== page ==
He is 69 going on 32. Meet a biohacker whose story will inspire you to get healthier!


Anthony Lawrence might be one of our most impressive clients ever. His chronological age might be 69, but his GlycanAge is 32! Find out how a traumatic life event inspired him to focus on his health and get started on his biohacking journey.

Anthony, off the bat I have to say that you look amazing. How do you feel? 

Thank you, I have to say it’s not often I get to say that I feel amazing. Most of my contemporaries are ageing quite differently than me. They’ve got metabolic issues, heart bypasses, obesity problems and more and it’s hard for me to relate to them sometimes. 

I could start with the topic of keto and exercising, but I don’t think it would be a fruitful conversation. 

Well, Anthony, this is your time to shine. Can you share with us how you got started on your biohacking journey? 

Thank you. I guess I don’t have to be modest with you, I suppose it would be like preaching to the converted. I know that longevity, or biohacking is a strange hobby to have. It all started 6 years ago when my friend got diagnosed with cancer. He was my closest friend and the hospital was completely destructive in the treatment, per usual. 

And so the bottom line was, they gave him 3 weeks to live. I couldn’t accept this and since I’ve been interested in health care and research for most of my life, I decided to help him any way I can. 

I managed to pull him though within 6 weeks and he even went on a Mediterranean cruise with his wife. He got to live for 18 more months and that’s when I truly understood the impact a person’s lifestyle can have on their health. 

Once I heard about GlycanAge, I was surprised that tests like these are not staples of medicine. Imagine if your GP tested your GlycanAge and gave you guidelines on what type of diet to follow and how to change your lifestyle. 

Then after, they can retest you and monitor your progress. I think we need a more holistic approach to medicine. 

 

That’s a kicker of a story. I’m very sorry for your loss. I guess the silver lining was all the changes you implemented in your life. Can you talk a little bit about those?

As painful as that situation was, it inspired me to learn more about myself and my body. I always had an interest in biochemistry and when my friend got sick, I started to read a lot more. Now I have a library at home and I do a lot of research on my own. 

Getting back the results was sort of a double-edged sword for me. On one hand, I am biologically very younger than I am chronologically, but on the other, it’s quite challenging to bring the number even lower. 

I mean, let's face it, any normal person would be completely over the moon and just carry on as normal. However, I need to experiment a bit further and see what else I can improve. I’m trying not to make too many adjustments because it’s going to be very difficult to assess what’s working if I keep making a lot of changes.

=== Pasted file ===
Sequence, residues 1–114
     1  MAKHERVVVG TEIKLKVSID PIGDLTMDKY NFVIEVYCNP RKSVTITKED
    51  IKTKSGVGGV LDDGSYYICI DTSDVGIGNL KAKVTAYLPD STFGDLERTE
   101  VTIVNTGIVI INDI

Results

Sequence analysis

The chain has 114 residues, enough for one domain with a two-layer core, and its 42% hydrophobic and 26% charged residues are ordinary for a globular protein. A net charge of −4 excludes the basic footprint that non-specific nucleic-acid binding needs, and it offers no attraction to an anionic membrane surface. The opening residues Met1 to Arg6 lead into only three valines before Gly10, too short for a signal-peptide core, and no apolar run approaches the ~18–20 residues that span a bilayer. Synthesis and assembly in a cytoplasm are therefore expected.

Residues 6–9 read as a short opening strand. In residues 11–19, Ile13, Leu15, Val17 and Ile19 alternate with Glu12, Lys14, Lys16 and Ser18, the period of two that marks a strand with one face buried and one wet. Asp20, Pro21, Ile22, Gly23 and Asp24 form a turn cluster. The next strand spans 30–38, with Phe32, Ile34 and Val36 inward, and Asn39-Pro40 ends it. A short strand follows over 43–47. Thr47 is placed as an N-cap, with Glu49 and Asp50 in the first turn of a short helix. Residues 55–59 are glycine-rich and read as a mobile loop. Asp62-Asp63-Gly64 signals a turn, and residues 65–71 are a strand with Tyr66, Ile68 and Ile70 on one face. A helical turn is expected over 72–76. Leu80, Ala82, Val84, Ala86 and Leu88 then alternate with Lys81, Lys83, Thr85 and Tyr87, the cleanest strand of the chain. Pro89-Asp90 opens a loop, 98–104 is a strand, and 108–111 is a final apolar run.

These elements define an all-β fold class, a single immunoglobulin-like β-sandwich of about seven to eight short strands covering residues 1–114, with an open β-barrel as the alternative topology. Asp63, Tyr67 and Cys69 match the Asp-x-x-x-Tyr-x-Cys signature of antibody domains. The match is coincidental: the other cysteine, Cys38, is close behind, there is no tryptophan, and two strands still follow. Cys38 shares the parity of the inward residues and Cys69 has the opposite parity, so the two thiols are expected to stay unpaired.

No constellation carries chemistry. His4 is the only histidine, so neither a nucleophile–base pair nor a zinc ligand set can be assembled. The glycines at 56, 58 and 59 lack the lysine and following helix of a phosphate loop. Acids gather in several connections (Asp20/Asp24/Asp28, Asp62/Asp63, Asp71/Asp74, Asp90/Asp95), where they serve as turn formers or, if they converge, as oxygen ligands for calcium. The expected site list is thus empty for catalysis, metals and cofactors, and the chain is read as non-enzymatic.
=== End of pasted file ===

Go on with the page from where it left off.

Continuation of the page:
I’ve been working out for 45 years and I have kept fine tunning it ever since. Nowadays, it’s mostly weights. I combine heavy and lightweight days and I work out 3 times a week. That way, my muscles have enough time to recover.

I’ve been on a keto diet for 5 years now and I’m fairly strict when it comes to my meals. I’m conscious of protein and I’ve held carbs fairly low. I might eat half a dozen blueberries a day and that’s the only fruit I eat. 

The only vegetables I eat are avocados and other cruciferous vegetables like broccoli, cabbage and anything that grows above ground. I eat between 1:00 p.m. and 7 p.m. and I don’t eat any snacks in between.  

I skip breakfast and only eat lunch and dinner. 

Is there a spiritual element to your journey and do you have any self-care tips you can share?

I have a library at home that probably has around 2000 books. I’ve been interested in comparative religion all my life and what particularly interests me is the relation between spirituality and neurobiology and the whole issue of consciousness. 

I started doing yoga when I was 14 and I actually had to give it up because I became obsessive. I would spend a lot of time standing on my head and all that stuff and I didn’t really understand it at that time but it was interesting to me. 

It did give me great flexibility and made me realize how important breathing is. I absolutely breathe in through my nose and try to breathe from the diaphragm. I know that breathing through my nose increases vasodilation.

If you ask me if I meditate, I’ll have to say that this is a contentious point I’ve had with your colleague. I set aside an hour a day to meditate and he tried to get me to push it to two. I can see technically why that might be interesting, but to spend two hours a day meditating for three months, you know, in retrospect, I thought this ain't going to happen, you know, but I do.

However, I don’t want to disparage anyone who doesn’t have the time. I think that the quality of the process is more important than the quantity.

What are some misconceptions people have about biohacking? 

I feel like people don’t think it’s possible. But looking at my results, I don’t think anyone can dispute the power of a healthy diet, exercise, a good sleep cycle and overall listening to your body.


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Article written by
Vanja Maganjić

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